In the early 1700’s, during the first three months of the year we find the double dating. This was the period when the country was moving from the old Julian calendar, where the year used to start on Lady Day, March 25th, into our present calendar, the Gregorian calendar when of course the year starts on January 1 st. Many people were already using the new calendar. Pepys’ diary did; but the church continued to use the old Julian calendar. So one sees an entry in our register such as the 17th February 1709/10. Because for most people the 17th February was already 1710, but as tar as the church was concerned it was still 1709, until March 25th. Almost as muddling as  today trying to decide in which of these two years our new Millennium starts! The Government finally went over to the Gregorian calendar in 1752, when, in order to correct the new calendar we had to lose eleven days; and those eleven days were lost in September 1752. When March 25th t 753 came along. the church had accepted the new calendar but the financial establishment in London had refused to lose their. eleven days. Thus, for them March 25th had become April 5th; and so our financial and tax year has remained ever since.

The next entry which I am going to mention will no doubt shock you; but before we criticise our predecessors here in Peasemore they were in fact behaving in accordance with an act of parliament. The entry, dated 1678, says that ‘Henry Wyatt aged about forty years and Mary his wife and child named George were whipped through Peasemore according to law and were then sent to Chaddleworth where he says he

was born, with a pass’. After the dissolution of the monasteries, the responsibility for the maintenance of the poor passed to the parishes and the first of the various poor law acts came in during the time of Queen Elizabeth when overseers of the poor were appointed. The church wardens and the overseers of the poor in each parish were then required to raise rates and were responsible for the relief of the poor and anybody else needing assistance in their various villages. Looking through the overseers of the poor accounts, now in the Reading Record Office, we see how through the centuries, when anybody here in Peasemore, or a family, required assistance for whatever reason, they were helped in various ways. Sometimes it was with food or fuel or clothing; occasionally with cash or medical assistance, and so on. But it did mean that each parish was responsible for its own people. If poor travellers, vagrants as they were called, or people from another parish came here asking for assistance then they were to be sent back to where they belonged. The act of parliament of Queen Elizabeth’s time does actually state that they should be whipped out of the village. Whether they were always treated quite as harshly as that I don’t know, but there is an entry in the Ramsbury register where a family of five were whipped out of Rams bury; and they had come all the way from Dover! So while undoubtedly moved on from place to place, they must at least have been given some food and shelter en route. They were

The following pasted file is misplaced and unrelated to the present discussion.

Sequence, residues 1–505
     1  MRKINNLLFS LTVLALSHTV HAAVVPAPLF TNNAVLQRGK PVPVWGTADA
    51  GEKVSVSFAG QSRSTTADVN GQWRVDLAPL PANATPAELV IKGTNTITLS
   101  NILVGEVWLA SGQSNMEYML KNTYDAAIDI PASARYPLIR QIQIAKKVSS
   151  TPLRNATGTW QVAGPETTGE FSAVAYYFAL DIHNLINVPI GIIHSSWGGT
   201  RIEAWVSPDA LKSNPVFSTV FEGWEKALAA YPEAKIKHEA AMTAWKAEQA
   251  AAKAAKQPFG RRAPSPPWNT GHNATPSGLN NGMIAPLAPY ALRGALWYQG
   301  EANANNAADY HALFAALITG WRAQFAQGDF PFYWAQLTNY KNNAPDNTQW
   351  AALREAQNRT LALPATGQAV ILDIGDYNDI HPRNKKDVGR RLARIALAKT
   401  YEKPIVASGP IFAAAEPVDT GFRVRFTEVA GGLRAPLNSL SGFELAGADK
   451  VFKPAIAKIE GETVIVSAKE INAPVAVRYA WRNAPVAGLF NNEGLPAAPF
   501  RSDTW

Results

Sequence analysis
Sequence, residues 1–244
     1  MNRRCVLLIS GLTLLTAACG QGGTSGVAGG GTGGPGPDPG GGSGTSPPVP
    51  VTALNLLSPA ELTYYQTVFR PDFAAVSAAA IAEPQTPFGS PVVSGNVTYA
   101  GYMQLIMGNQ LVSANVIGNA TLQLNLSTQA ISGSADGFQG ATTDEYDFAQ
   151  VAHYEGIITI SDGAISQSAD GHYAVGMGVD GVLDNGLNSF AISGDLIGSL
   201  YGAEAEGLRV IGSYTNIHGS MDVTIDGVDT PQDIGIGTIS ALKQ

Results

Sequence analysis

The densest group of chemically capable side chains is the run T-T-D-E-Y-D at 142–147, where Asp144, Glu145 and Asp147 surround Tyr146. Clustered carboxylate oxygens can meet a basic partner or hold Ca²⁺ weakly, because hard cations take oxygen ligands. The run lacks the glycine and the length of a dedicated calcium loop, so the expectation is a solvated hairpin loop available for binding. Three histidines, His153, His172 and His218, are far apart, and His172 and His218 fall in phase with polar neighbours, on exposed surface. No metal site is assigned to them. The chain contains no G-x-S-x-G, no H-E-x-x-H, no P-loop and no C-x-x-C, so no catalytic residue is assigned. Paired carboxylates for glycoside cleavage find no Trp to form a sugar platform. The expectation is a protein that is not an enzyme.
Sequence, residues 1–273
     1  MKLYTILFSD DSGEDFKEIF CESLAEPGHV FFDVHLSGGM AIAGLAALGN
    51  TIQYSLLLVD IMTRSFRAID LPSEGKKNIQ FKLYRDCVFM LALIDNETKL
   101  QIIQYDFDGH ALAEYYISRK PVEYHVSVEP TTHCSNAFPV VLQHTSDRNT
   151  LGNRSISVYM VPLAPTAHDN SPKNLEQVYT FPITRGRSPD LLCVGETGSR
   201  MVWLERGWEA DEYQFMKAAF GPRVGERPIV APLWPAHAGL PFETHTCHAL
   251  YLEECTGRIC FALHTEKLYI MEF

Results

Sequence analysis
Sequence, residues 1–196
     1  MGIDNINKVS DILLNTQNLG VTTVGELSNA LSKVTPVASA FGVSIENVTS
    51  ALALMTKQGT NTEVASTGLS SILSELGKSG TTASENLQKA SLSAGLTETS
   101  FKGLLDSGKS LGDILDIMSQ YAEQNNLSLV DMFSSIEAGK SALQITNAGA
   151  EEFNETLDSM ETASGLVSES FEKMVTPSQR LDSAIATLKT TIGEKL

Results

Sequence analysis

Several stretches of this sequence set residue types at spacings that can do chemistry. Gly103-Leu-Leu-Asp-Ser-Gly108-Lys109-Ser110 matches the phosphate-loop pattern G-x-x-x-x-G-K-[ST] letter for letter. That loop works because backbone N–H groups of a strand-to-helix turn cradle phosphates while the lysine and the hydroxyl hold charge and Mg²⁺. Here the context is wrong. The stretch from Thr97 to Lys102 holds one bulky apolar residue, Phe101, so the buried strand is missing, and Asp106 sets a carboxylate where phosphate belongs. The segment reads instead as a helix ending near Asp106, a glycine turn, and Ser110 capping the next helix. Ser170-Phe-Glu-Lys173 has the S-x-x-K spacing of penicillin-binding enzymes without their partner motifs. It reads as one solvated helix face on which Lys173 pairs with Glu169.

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very hard times for the poor, there is no doubt about that; and there are two entries in our Burial Register both in mid-winter back in the 1500’s when on two separate occasions the entry says of two poor men’ found dead under a hedge’.

I have mentioned once before in another talk that the name of our church does not normally appear in the church registers; because the pro forma in these registers just says that the event took place in the church ofthe parish of Peasemore or wherever, without giving the name of the church. In 1864 as our new church was being completed and was about to be dedicated to St Bamabas by the Bishop of Oxford, our curate of the time, the Reverend Wyndham Shakespeare (and we had a curate in those days, because Catmore came under Peasemore), our curate went out of his way on several occasions to enter into our church register, that the event had taken place in the Church of SI Peada of the Parish of Pease more. He and many other people here in Peasemore were very upset at the prospect of our new church being dedicated to St Bamabas and they wished to ensure that our ancient tradition of St Peada should not be forgotten. While today we are happy to have our present dedication ofSt

Bamabas, we too must ensure that our long tradition of St Peada must always be remembered. Perhaps we should have a re-dedication: to SI Peada & SI Barnabas.